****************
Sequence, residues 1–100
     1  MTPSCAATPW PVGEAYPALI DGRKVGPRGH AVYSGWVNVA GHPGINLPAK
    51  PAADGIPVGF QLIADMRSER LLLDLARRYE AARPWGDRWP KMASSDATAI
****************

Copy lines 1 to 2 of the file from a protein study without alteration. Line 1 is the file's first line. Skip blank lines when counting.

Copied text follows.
Sequence, residues 1–100
     1  MTPSCAATPW PVGEAYPALI DGRKVGPRGH AVYSGWVNVA GHPGINLPAK